Clinicians are universally aware of the common occurrence of fever caused by drugs, although reliable data on incidence are not available. Fever can be the sole manifestation of an adverse drug reaction in 3 to 5 percent of cases [1,2]. The risk of developing drug fever increases with the number of drugs prescribed, especially in elderly patients. Individuals with active HIV infection also appear to have an increased susceptibility to drug reactions of all types, including fever [3-5].
The recognition of drug fever is clinically important. Failure to recognize the etiologic relationship between a drug and fever often has undesired consequences including extra testing, unnecessary therapy, and longer hospital stays.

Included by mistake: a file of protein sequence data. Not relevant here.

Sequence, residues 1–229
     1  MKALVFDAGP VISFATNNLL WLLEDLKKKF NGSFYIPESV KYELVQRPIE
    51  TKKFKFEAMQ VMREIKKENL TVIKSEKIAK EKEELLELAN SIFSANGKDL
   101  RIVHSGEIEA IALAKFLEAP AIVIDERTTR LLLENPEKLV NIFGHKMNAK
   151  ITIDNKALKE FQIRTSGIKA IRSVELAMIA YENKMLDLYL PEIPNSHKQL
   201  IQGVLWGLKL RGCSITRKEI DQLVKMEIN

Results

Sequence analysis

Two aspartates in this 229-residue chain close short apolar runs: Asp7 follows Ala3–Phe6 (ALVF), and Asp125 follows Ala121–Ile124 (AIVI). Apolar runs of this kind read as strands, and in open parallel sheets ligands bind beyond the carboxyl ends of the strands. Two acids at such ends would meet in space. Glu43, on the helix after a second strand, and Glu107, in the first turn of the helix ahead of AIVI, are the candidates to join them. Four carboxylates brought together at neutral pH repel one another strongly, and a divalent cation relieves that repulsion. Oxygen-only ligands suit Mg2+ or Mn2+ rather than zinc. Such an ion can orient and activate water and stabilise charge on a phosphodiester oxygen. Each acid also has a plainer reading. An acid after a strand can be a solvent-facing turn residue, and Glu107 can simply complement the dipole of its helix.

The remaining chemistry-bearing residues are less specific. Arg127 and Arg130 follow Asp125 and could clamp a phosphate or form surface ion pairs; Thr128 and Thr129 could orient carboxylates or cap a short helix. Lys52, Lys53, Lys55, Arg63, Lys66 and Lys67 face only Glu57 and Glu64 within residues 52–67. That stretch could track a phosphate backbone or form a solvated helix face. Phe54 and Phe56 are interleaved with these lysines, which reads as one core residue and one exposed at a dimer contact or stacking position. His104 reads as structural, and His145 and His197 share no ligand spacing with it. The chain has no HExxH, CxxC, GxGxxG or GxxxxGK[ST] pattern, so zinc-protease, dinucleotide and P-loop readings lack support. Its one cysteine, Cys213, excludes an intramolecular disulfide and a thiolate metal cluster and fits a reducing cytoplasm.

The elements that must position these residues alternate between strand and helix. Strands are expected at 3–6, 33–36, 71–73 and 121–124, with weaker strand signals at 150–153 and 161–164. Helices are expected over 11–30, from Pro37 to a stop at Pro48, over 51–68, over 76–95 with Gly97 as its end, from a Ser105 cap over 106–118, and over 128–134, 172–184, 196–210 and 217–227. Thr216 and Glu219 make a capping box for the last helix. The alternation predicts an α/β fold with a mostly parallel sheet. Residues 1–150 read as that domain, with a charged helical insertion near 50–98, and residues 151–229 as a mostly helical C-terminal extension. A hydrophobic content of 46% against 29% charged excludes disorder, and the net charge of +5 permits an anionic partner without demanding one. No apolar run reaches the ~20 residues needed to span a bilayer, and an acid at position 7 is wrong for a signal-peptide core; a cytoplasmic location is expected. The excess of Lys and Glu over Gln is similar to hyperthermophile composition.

For the purpose of this discussion, drug fever is defined as "a disorder characterized by fever coinciding with administration of a drug and disappearing after the discontinuation of the drug, when no other cause for the fever is evident after a careful physical examination and laboratory investigation ." Others have applied definitions such as "the febrile response to a drug without cutaneous manifestations ," but, in our view, such a definition is overly restrictive. Data on drug fever are largely derived from hundreds of single case reports and a few small series. There are no controlled trials on this subject, and reporting bias may significantly distort our view.
The mechanisms of drug fever are multiple and, in many cases, are poorly or incompletely understood. However, most authorities classify drug-related fevers into five broad categories [1,2,7-9].